All Taxpayer-funded Research Will Now Be Freely Available

AaronSwartz

In what appears to be sort of acknowledgement of the life of Aaron Swartz (right), the American computer programmer and Internet activist who committed suicide last month while facing legal charges related his downloading of academic journal articles from JSTOR, the White House announced yesterday from now on all taxpayer-funded research will be available to the public within one year of publication.

According to the White House Office of Science and Technology Policy:

Director John Holdren has directed Federal agencies with more than $100M in R&D expenditures to develop plans to make the published results of federally funded research freely available to the public within one year of publication and requiring researchers to better account for and manage the digital data resulting from federally funded scientific research. OSTP has been looking into this issue for some time, soliciting broad public input on multiple occasions and convening an interagency working group to develop a policy. The final policy reflects substantial inputs from scientists and scientific organizations, publishers, members of Congress, and other members of the public—over 65 thousand of whom recently signed a We the People petition asking for expanded public access to the results of taxpayer-funded research.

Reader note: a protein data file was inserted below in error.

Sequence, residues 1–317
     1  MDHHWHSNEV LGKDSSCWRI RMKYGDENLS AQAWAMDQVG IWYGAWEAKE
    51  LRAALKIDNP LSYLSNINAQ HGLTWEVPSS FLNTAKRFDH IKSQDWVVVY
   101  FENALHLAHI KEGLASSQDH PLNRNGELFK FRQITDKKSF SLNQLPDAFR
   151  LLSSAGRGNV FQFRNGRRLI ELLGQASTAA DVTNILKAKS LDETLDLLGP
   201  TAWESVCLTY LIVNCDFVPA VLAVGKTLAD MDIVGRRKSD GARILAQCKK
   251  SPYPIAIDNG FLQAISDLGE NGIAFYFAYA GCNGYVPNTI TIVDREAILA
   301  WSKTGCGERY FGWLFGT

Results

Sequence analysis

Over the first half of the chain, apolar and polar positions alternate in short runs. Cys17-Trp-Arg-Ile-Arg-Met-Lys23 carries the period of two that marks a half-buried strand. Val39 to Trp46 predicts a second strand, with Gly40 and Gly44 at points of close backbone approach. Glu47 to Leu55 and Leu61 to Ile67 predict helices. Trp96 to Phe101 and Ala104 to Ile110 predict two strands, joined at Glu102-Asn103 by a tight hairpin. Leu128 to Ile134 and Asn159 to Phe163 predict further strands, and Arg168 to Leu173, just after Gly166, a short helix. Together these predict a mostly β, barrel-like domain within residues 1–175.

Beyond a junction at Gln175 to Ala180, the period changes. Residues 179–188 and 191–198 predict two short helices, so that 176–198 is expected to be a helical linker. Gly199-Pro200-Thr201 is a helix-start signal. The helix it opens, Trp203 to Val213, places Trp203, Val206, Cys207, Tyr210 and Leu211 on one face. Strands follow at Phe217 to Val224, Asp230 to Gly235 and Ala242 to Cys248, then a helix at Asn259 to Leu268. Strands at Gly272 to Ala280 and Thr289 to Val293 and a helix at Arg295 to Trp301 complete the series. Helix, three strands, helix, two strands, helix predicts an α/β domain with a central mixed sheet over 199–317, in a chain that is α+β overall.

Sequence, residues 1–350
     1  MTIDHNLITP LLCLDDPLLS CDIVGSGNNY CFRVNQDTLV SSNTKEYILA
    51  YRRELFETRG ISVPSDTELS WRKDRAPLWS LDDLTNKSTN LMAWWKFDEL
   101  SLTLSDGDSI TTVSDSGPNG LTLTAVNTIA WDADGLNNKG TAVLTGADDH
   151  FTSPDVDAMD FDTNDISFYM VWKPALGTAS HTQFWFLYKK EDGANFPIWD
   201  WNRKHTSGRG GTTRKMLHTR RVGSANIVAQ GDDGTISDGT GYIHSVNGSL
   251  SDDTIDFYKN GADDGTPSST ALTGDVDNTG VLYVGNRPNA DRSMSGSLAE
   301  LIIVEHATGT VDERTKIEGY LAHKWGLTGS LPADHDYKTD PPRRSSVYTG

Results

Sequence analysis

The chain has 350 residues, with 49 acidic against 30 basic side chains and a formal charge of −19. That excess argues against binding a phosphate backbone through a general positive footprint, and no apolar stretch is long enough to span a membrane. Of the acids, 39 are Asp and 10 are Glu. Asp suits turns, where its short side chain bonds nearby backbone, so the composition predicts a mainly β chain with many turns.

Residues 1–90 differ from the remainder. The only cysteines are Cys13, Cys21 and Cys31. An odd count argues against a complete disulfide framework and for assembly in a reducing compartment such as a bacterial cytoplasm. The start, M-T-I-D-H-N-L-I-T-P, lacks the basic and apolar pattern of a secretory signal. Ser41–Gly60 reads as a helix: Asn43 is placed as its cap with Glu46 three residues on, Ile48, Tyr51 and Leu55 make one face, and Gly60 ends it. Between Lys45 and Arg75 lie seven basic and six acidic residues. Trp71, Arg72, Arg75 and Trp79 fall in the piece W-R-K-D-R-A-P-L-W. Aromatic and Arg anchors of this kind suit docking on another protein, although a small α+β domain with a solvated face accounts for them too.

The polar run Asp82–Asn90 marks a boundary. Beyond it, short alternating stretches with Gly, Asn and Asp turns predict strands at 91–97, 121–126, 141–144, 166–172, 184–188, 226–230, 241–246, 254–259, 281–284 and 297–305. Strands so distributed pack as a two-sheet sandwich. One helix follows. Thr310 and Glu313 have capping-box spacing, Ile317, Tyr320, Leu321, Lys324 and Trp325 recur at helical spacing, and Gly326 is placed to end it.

More than 65,000 people signed the petition to allow open access to studies funded by taxpayers.

Holdren indicates that he believes this new open access policy will lead to new discoveries.

This seems a little unlikely. Scientists likely to perform research pretty much already have access to studies that are paywall protected.

Still, it’s certainly good for the public at large to have access to all the research they fund. Unlike, say, classified information, scientific studies aren’t kept from the public through any desire to keep sensitive information from becoming available to the wrong people. Rather, scientific studies are kept behind pay walls simply because academic publishers have the power to do this, and charge for their content, even if the actual research was publically funded. . [Image via]

Daniel Luzer

Daniel Luzer is the news editor at Governing Magazine and former web editor of the Washington Monthly. Find him on Twitter: @Daniel_Luzer